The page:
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Talking to Strangers Personalizing the Reference Interview Rita Vine University of Toronto Libraries February 2 2008 Ontario Library Association.

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Presentation on theme: "Talking to Strangers Personalizing the Reference Interview Rita Vine University of Toronto Libraries February 2 2008 Ontario Library Association."— Presentation transcript:

1 Talking to Strangers Personalizing the Reference Interview Rita Vine University of Toronto Libraries February Ontario Library Association

2 The 55% Answer Rate Dervin, 1970’s Information or communication? Study groups – urban poor, libraries Dervin, 1986 Neutral questioning Hernon & McClure, % answer rate Dewdney & Ross, % accept initial face value 60% “willing to return”

3 Why is reference failure (still) so high?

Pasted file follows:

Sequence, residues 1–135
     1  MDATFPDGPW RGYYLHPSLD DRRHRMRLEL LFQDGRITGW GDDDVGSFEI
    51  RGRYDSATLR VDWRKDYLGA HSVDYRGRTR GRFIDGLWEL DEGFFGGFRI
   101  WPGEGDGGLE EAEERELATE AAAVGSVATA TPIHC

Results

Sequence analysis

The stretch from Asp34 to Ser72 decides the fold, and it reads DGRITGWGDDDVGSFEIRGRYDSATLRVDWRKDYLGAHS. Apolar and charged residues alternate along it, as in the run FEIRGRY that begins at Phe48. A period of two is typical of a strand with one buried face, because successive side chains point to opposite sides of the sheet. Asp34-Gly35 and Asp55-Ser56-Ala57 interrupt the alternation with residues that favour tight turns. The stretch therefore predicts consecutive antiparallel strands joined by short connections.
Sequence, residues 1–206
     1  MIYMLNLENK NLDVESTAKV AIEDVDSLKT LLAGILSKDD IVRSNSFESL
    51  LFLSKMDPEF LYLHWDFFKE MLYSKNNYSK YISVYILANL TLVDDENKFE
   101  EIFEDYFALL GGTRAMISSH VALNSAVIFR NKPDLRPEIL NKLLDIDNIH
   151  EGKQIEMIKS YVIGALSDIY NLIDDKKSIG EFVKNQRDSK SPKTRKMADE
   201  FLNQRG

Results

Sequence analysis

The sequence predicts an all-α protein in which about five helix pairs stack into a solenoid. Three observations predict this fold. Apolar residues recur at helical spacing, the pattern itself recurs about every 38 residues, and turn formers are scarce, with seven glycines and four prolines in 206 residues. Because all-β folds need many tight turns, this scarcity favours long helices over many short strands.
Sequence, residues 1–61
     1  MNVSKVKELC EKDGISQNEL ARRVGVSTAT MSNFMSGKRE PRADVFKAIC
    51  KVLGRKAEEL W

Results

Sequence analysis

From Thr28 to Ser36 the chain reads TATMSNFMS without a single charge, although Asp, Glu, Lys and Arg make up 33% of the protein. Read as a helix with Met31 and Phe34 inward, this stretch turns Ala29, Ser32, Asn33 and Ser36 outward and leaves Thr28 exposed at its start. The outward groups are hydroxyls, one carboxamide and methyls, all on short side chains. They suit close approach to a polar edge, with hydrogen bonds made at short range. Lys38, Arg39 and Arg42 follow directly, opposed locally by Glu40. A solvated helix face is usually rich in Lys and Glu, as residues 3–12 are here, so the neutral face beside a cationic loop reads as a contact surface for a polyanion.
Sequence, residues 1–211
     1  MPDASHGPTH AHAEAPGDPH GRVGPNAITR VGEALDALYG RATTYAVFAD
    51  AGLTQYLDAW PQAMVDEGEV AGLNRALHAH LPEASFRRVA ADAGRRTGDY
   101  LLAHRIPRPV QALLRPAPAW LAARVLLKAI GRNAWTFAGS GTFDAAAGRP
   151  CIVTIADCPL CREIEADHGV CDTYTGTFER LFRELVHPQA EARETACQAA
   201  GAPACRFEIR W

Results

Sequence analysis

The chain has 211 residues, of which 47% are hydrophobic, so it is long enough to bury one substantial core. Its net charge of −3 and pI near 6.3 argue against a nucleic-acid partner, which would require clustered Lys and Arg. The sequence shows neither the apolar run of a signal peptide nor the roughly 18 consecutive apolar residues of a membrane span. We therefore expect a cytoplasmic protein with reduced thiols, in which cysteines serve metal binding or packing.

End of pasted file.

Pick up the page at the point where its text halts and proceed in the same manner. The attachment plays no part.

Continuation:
4 The Dual Disconnect Early-stage interview quickly streams users to our silos Catalogue (books) Databases (journal articles) Post-interview disengagement from user to focus on information-retrieval activities

5 “I need information on flying.” “I’m writing a term paper for my senior year travel health class on the effectiveness of different remedies for jet lag.”

6 “I need information about flying.” Are you interested in books or journals? Is this for a paper you’re writing? Sure, I’ll check the catalogue for you to see if we have some books. Sure, in the business library most of our materials on flying will be about the airlines and aviation industry. Is that what you’re interested in?

7 “I’m writing a paper about how to combat jet lag.” I’m going to show you how to use our PubMed database to find articles on jet lag. “I’m going to see if we have any books or journal articles about jet lag.”